Your source of Free Articles Your source of Free Reprint Articles and Content! Login

Find an Article:, your source of Free Articles about: Marketing

History of Marketing

marketing, history of marketing, marketing mix, selling skills

Professor Kotler has sketched the history of marketing in the USA according to the following chronological events:1910 Emphasis on engineering; 1920 Financial restructuring, mergers, etc; 1930 Accounting or ‘making the books look better’ throughout the depression;1940 Production due to need of getting more goods out faster;1950 Sales because production overtook demand; 1960 Marketing identical with developing new products and markets;1970 Greater emphasis on strategic planning;1980 To ensure optimum use of resources. To summarize, the marketing concept had become necessary to correct the following:
The preoccupation with production as the overriding business activity;
The communication gap that had developed between customers and their suppliers.

For many companies in especially the west, successful marketing had been a question of developing a product that could be manufactured continuously in large quantities, to achieve economies of scale. This in turn meant the ‘mass marketing’ of products to large numbers of people, who had to be persuaded (often through high-pressure promotional techniques) to ‘need’ a limited range of product options.

According to the Japanese Marketing expert Ken’ichi Yasumuro, to be able to compete with western manufacturers, Japanese manufacturers, in turn, used ‘adaptable marketing systems’ or AMS. Linked with flexible manufacturing systems (FMS) this offers a significantly different approach. The AMS and FMS combination allows a wider range of product variants to be produced economically in smaller batches. This in turn enables a closer degree of matching to customer’s real needs.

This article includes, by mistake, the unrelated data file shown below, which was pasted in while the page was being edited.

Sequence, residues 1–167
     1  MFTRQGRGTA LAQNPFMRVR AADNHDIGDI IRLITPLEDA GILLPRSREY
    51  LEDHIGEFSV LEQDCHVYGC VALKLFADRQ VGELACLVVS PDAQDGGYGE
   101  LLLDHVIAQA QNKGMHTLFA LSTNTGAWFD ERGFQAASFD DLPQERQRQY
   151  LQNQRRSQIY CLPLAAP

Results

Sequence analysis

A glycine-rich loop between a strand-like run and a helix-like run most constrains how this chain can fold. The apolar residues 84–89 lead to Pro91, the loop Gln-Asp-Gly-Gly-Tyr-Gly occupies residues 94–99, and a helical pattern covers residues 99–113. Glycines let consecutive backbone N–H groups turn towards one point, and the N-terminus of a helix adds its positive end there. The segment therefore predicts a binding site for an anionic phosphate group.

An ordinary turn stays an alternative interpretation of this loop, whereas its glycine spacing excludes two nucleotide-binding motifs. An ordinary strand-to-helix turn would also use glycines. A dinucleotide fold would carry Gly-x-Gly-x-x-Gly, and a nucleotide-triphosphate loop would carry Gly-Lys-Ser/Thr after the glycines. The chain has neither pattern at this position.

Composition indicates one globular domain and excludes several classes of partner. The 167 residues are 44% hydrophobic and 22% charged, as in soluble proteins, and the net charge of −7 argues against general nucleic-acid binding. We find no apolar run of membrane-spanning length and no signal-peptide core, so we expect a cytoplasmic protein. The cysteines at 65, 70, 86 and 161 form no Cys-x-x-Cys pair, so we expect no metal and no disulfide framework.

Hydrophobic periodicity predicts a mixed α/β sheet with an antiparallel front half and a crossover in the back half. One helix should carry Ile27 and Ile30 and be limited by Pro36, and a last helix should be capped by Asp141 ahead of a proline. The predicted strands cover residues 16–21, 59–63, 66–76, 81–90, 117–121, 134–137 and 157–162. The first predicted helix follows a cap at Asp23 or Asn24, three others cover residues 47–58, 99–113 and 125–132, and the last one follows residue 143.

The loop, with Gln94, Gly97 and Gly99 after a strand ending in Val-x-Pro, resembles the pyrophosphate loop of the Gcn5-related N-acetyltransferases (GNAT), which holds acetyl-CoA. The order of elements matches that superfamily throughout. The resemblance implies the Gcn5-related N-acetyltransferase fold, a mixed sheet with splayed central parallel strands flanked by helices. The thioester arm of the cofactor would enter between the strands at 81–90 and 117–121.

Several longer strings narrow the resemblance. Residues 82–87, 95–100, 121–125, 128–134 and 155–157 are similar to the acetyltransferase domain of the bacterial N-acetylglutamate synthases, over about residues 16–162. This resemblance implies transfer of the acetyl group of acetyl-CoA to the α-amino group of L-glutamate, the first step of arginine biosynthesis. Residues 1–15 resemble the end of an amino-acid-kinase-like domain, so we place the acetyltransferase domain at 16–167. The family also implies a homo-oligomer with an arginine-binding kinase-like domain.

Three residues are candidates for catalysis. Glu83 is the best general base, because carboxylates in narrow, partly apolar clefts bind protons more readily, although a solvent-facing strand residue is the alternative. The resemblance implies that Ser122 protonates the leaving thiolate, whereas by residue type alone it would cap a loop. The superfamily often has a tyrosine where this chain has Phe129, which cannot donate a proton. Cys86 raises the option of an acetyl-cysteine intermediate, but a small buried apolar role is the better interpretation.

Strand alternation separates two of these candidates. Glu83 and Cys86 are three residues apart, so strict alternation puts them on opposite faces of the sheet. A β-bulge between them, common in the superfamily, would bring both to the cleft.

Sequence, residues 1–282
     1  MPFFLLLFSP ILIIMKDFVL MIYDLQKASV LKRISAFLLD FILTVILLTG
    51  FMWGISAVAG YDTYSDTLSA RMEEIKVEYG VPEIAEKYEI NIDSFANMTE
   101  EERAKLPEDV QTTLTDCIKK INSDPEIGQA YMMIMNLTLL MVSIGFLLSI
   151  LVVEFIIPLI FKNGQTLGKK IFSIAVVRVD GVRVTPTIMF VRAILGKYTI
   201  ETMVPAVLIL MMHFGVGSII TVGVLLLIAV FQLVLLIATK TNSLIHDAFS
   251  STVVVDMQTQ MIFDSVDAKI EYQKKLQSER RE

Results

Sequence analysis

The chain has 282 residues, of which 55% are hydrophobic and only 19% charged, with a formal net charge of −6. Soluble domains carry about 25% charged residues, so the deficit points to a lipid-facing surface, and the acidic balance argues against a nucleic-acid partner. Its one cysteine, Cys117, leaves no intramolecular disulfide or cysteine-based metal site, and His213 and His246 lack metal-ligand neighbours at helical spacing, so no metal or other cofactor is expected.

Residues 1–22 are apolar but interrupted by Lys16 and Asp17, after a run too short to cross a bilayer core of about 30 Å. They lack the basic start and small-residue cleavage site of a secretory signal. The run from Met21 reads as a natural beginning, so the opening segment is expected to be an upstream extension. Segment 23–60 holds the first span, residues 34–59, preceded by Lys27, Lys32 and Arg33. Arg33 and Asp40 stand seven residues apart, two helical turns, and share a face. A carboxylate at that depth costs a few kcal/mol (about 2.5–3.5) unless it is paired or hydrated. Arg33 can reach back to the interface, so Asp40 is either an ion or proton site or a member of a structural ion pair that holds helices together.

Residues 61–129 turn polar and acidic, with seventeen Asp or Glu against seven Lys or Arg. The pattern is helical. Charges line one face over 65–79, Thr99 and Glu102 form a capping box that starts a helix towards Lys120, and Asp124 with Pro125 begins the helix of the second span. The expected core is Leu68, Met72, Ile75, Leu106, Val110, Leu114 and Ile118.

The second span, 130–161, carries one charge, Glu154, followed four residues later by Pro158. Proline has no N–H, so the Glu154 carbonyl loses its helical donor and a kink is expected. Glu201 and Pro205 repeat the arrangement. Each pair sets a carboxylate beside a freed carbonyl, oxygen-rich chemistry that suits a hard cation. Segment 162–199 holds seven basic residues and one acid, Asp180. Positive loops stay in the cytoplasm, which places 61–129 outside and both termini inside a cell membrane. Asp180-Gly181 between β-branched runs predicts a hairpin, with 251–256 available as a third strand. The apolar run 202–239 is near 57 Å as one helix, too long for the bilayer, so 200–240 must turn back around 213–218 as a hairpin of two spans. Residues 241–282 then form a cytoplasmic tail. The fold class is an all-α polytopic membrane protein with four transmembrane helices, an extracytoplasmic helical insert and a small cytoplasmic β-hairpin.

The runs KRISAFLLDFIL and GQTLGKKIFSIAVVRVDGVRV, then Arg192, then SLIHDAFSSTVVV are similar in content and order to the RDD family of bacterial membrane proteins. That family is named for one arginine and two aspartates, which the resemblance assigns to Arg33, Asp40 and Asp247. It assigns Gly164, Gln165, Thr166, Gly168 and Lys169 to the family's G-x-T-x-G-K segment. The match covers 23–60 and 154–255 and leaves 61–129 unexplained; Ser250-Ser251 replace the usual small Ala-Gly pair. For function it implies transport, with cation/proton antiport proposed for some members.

The 21st century is marked by the true dominance of the customers. Although this shift from sellers market to the buyers market has already started with the rise of competition from especially Asia (Japan, South Korea, China, etc), it has become more intense in the last few years. Companies must combine three things to survive: product orientation, technological innovation, and customer value. Too many companies still design their products without customer input, only to find them rejected in the marketplace. Too many companies forget about their customers after the sale, only to lose their future business. The key to success on the rapidly changing marketing landscape will be a strong focus on the marketplace and a total marketing commitment to providing value to customers.
Published: 2007-04-14
Author: Martin Hahn

About the author or the publisher
Martin Hahn PhD has received his education and degrees in Europe in organizational/industrial sociology. He grew up in South-East Asia and moved to Europe to get his tertiary education and gain experience in the fields of scientific research, radio journalism, and management consulting.

After living in Europe for 12 years, he moved to South-East again and has worked for the last 12 years as a management consultant, university lecturer, corporate trainer, and international school administrator

Source: - Free Articles

Most popular articles from Marketing category
Buy this article  
Full Rights: 20.00

Article Categories
Arts and Entertainment Automotive Business   Advertising   Affiliate   Business (General)   Business Ethics   Business Etiquette   Careers   Communication   Customer Service   Economy   Entrepreneurial   Home Based   Jobs/Employment   Management   Marketing   MLM   Money Making Ideas   Networking   Online Business   Public Relations   Real Estate   Sales Communication Computer and Internet Finance Health and Fitness Home and Family Legal News and Society Pets and Animals Recreation and Sports Science Self Improvement Travel


Home | Submit an article | Benefits | Terms and Conditions | Top Writers | Contact-Us| Login

Copyright - Free Reprint Articles -